The former champion knows about loss. Not only did lose his title, but he's been slowly slipping down the rankings. His last fight, against No. 6 lightweight competitor Edson Barbosa, ended in an unanimous decision in favor of Barboza, making it Pettis' third loss in a row.
"Coming off a loss, I know how he feels, Pettis said at a recent press event. "He wants to spend his time training. I think this right here is what made Conor McGregor Conor McGregor, but at the same his fight skills back it up. He can talk well, he had to train his butt off to get where he's at. And coming off a loss he's looking for that lifeline again, and the closest lifeline to him is his coaches, that's what you turn to first. Coaches are gonna say, 'forget all this, let's get back to what got you there. And that's what he's thinking about, forget all this. That's what I would think, that's what I was told when I lost my belt. Forget about everything else and let's get back to the gym. Let's get back to the basics and get to what got you to that position. And that was just hard work in the gym."
While Pettis might understand where McGregor is coming from, he does point out that it's part of the deal that everyone makes when they become a fighter. "It's not like they're requiring unrealistic things, it's all normal stuff. All of us athletes, all of us fighters we do it. We plan for it."
On that note, let's take a look at the other side of things.
Current UFC bantamweight champion Miesha Tate was longing to hold the belt for years. After a couple attempts to take it from former champ Ronda Rousey, Tate finally achieved her goal when she took down Holly Holm at UFC 196.
Now that she's at the top, there's no way she's going to bite the hand that feeds her, Dana White. Tate will be defending her title for the first time against No. 4-ranked Amanda Nunes at UFC 200, and was on hand at the recent Las Vegas press conference to promote the event. You know, the one McGregor was supposed to show up to. She spoke to ESPN about McGregor.
"I understand that he has an obsession with beating Nate right now and he wants to stay focused and stay the course at all costs. I get it. But at the end of the day, it says in your contract when you sign that you have to do reasonable promotion. This is reasonable promotion."
Tate would know a little something about contracts. Just weeks prior to attending the press conference, Tate re-signed with the UFC. In every contract there is a promotion clause that states that promotion shall be "reasonable." But what does that mean? I guess it depends on each fighter. For Tate, she has never been asked to do something that she wouldn't do.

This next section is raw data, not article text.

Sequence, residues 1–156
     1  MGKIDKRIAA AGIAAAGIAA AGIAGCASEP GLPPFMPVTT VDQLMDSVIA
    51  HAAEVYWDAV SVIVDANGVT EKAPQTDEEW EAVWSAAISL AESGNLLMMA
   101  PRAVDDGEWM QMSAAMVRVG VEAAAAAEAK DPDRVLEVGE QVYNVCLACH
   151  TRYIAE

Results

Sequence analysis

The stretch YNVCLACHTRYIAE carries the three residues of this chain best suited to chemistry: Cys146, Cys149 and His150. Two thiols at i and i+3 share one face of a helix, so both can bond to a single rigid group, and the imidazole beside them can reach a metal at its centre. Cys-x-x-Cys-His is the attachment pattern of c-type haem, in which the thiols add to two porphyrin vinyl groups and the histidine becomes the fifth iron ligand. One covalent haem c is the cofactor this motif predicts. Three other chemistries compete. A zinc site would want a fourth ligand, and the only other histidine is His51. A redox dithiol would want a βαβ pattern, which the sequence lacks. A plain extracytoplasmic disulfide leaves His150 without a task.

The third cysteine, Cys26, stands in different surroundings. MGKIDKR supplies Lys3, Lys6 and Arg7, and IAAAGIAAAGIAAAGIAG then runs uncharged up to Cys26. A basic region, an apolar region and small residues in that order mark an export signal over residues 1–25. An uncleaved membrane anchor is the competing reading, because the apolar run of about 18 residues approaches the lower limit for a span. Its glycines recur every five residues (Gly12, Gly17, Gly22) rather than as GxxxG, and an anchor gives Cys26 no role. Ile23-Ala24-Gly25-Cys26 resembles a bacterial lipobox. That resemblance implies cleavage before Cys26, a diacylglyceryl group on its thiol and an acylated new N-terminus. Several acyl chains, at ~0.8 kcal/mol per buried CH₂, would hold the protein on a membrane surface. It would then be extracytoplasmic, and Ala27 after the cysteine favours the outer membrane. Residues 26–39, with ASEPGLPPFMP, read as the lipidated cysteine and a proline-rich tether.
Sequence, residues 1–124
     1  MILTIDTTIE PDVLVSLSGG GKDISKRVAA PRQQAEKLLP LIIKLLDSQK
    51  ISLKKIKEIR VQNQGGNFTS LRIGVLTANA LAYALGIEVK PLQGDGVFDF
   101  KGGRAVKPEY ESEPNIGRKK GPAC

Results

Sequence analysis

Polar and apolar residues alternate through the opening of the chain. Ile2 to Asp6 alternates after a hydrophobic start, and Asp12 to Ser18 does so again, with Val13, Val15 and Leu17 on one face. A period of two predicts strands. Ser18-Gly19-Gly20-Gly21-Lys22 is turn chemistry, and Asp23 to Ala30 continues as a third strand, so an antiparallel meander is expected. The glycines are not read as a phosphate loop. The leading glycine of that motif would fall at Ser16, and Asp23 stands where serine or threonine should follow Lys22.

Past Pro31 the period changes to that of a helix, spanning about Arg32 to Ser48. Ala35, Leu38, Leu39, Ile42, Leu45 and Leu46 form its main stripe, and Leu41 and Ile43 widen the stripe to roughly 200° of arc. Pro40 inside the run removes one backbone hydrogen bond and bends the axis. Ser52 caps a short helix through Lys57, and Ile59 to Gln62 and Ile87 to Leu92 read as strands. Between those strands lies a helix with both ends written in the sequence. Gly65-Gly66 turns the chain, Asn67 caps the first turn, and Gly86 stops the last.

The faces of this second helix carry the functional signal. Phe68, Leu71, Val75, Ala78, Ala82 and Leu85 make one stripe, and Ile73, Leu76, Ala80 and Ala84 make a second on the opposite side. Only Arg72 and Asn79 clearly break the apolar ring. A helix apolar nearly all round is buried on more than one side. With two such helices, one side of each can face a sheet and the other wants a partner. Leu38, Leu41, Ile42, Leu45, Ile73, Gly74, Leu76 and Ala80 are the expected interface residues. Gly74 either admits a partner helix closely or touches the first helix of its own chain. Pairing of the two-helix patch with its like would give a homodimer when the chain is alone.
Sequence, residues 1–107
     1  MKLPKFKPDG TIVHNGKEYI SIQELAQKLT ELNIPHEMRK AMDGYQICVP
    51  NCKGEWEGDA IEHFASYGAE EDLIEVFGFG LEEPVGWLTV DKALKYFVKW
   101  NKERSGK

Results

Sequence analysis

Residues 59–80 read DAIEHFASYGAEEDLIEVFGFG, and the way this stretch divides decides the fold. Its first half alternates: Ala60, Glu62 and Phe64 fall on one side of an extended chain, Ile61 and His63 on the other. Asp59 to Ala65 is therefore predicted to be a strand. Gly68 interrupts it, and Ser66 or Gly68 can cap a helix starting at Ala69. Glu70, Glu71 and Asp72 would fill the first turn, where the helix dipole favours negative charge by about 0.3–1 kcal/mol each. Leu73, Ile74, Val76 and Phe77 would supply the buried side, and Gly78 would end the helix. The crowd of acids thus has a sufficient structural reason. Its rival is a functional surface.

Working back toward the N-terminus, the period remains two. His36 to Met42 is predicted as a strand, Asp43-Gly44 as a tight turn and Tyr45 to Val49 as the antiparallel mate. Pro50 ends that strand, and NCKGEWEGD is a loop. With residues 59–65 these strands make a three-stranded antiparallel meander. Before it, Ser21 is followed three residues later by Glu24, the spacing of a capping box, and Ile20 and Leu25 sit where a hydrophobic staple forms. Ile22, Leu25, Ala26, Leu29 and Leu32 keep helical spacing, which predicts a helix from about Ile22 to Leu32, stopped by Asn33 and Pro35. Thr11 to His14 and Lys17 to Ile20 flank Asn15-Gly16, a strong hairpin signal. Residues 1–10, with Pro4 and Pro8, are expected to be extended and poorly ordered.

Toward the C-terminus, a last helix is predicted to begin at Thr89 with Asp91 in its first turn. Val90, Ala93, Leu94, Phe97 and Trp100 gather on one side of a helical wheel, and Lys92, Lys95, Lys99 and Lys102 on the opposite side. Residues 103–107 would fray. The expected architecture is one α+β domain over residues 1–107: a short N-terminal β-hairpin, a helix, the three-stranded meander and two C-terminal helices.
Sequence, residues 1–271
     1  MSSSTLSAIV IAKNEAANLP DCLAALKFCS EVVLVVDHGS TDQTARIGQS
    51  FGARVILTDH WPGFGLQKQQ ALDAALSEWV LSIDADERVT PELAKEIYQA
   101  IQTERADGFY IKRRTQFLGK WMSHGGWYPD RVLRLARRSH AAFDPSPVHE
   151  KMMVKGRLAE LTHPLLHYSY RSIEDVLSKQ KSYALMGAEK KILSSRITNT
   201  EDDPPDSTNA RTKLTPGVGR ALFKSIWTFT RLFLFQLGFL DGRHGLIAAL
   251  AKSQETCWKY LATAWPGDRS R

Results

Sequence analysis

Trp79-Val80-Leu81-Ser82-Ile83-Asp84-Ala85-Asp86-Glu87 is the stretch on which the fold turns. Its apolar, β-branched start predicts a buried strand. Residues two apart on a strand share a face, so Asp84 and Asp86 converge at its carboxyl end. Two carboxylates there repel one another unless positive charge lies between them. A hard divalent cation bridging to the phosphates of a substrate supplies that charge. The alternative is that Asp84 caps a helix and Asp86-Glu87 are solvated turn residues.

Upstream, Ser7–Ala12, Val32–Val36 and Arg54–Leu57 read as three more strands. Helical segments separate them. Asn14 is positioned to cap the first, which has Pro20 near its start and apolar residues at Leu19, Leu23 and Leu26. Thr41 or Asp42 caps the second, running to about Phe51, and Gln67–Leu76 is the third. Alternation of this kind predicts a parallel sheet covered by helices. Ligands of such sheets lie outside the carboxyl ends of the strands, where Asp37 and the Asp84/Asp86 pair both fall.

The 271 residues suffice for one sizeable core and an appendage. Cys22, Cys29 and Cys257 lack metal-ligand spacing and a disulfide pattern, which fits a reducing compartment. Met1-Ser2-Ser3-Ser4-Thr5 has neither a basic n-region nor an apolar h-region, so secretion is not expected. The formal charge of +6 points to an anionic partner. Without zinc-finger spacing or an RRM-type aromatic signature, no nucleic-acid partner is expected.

"I have never had the UFC ask me to do unreasonable promotion. And they're very accommodating. Whether it's a car service to take you to where you need to train while you're travelling. Whatever they can do to make your life easier, bringing breakfast to you, bringing lunch to you, whatever you need they're really accommodating. They try to make this as easy [as possible]. We're three months out from the fight you know. It's not unreasonable to ask to come in here for a day and give some promotion. This does huge things for the fight."
Tate continued, riding the company line that promotion is what makes the fight bigger, which makes the pay days bigger for everyone involved. When a fighter skirts on his or her responsibilities, not only are pay days affected, but the work others have to do to fill in becomes more, as Tate pointed out:
"They filmed the commercial the other day. and we actually ended up having to pick up the pieces of Conor not being there. We had to film more. I had to actually come back and push my training schedule to the side and scoot my stuff around to be able to accommodate the fact that Conor wasn't there and fill up those voids."
It's this animosity that drives fighters to side with Dana White and the UFC. Whether he meant to or not, McGregor's decisions affected Tate's life and, in the end, will probably affect her paycheck, too.
That animosity couldn't be expressed better than by former UFC heavyweight champion Cain Velasquez, who sided with the UFC easily for one simple reason: He's doing media, so why shouldn't everyone else?
"Can I see his side? No, not really. I'm doing it," Velasquez recently told reporters. "Everybody else is doing it. If he had to do way more than what we had to do, OK then, yes. I could definitely see that. But if he's not, if he's doing the same thing, then no. We're all doing it."